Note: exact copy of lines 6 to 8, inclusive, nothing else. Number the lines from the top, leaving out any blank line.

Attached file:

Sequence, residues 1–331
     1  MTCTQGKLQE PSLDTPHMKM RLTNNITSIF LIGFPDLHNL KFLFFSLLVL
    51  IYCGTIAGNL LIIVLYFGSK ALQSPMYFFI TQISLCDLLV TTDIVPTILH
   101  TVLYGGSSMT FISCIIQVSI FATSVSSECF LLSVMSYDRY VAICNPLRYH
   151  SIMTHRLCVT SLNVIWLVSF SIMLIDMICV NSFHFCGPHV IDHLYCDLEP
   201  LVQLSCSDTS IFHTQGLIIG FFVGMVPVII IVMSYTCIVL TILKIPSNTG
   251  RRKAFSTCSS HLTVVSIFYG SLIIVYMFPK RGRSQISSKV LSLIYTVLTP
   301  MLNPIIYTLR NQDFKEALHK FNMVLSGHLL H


   201  LVQLSCSDTS IFHTQGLIIG FFVGMVPVII IVMSYTCIVL TILKIPSNTG
   251  RRKAFSTCSS HLTVVSIFYG SLIIVYMFPK RGRSQISSKV LSLIYTVLTP
   301  MLNPIIYTLR NQDFKEALHK FNMVLSGHLL H